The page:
.
http://assets-s3.rollingstone.com/assets/images/album_review/6d5a8174ce4c6427751c582eda42be384ac68142.jpg Layla and Other Assorted Love Songs: 40th Anniversary Deluxe Edition

Derek and the Dominos

Layla and Other Assorted Love Songs: 40th Anniversary Deluxe Edition

Polydor
Rolling Stone: star rating
Community: star rating
5 5 0
March 29, 2011

Recorded in six weeks in the late summer of 1970, Layla and Other Assorted Love Songs is one of rock's greatest broken promises. The original double LP was the only studio album by Eric Clapton's exceptional alliance with keyboard player Bobby Whitlock, bassist Carl Radle and drummer Jim Gordon — all American exiles from the Delaney and Bonnie and Joe Cocker bands — as well as guitarist Duane Allman, on session leave from his own group. By the spring of '71, Derek and the Dominos were over, fried by drugs and abandoned by Clapton, who went into seclusion. But the band was a rare thing in supergroups, a marquee combo with true superpowers: modern-blues virtuosity charged with the exultant lust and anguish of Southern R&B.

Layla and Other Assorted Love Songs on Rolling Stone's List of the 500 Greatest Album of All Time

Layla was partly covers, including blues by Jimmy Cox and Freddie King. But the screaming-treble despair was real — Clapton's then-unrequited love for the wife of his best friend, George Harrison — and the guitarist, writing and singing with Whitlock, hit a rich vein of candor in the mourning flow of "I Looked Away" and the frantic gallop of "Why Does Love Got to Be So Sad?" "Layla," with its immortal lick, rewired by Allman from an Albert King record, was the peak of Clapton's agony and arguably the beginning of the Dominos' end. Formed in haste, forged in pain, they were not built to last.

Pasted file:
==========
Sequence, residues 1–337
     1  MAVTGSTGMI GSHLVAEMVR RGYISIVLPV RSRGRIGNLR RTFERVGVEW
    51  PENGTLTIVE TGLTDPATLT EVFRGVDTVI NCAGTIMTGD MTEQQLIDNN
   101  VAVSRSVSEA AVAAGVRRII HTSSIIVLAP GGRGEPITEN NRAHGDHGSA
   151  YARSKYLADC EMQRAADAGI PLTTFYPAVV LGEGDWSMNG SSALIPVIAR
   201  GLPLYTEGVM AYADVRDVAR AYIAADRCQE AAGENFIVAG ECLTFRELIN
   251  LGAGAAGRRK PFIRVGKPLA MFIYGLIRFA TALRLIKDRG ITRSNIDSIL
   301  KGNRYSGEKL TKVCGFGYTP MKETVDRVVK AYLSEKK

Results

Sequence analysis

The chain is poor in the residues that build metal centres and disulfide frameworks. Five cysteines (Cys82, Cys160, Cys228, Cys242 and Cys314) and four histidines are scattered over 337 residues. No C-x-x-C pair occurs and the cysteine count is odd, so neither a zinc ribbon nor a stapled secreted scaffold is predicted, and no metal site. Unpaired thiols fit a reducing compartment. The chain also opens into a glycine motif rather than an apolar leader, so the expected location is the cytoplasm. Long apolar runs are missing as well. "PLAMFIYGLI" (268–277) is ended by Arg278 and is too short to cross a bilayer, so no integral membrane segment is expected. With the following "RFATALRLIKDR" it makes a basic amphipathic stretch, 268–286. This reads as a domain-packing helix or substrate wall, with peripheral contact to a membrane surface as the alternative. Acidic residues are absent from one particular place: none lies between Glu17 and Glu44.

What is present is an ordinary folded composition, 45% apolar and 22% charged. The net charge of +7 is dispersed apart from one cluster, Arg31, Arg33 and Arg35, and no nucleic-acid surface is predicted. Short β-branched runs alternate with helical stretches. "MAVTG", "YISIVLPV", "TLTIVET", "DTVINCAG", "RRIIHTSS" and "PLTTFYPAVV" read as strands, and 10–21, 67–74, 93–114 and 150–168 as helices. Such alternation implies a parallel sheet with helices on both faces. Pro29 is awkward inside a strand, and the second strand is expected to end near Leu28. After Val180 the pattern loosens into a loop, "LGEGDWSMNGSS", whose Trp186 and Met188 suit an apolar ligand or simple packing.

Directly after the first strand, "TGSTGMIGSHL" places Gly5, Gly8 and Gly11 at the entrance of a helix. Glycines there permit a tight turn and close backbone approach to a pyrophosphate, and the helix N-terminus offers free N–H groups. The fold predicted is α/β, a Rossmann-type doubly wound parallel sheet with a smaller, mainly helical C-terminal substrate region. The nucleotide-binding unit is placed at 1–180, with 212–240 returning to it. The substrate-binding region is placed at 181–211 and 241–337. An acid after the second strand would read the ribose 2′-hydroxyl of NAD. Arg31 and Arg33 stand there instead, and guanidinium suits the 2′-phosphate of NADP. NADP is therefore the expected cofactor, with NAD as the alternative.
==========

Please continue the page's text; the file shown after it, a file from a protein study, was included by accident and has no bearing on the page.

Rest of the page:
Gallery: The Week's Hottest Live Shots

This four-CD set does not have the studio jams from the 1990 anniversary box but covers the quartet's life span, including a Layla outtake with Allman, tracks from an abandoned '71 session, the Dominos' incendiary performances at the Fillmore East and a live romp on The Johnny Cash Show — the last word on a fast-doomed majesty.

Listen to "It's Too Late," live on The Johnny Cash Show:

prev
Album Review Main Next

ADD A COMMENT

Community Guidelines »
loading comments

loading comments...

COMMENTS

Sort by:
    Read More
    Around the Web
    Powered By ZergNet
    Daily Newsletter

    Get the latest RS news in your inbox.

    Sign up to receive the Rolling Stone newsletter and special offers from RS and its
    marketing partners.

    X

    We may use your e-mail address to send you the newsletter and offers that may interest you, on behalf of Rolling Stone and its partners. For more information please read our Privacy Policy.

    Song Stories

    “Bird on a Wire”

    Leonard Cohen | 1969

    While living on the Greek island of Hydra, Cohen was battling a lingering depression when his girlfriend handed him a guitar and suggested he play something. After spotting a bird on a telephone wire, Cohen wrote this prayer-like song of guilt. First recorded by Judy Collins, it would be performed numerous times by artists incuding Johnny Cash, Joe Cocker and Rita Coolidge. "I'm always knocked out when I hear my songs covered or used in some situation," Cohen told Rolling Stone. "I've never gotten over the fact that people out there like my music."

    More Song Stories entries »
    www.expandtheroom.com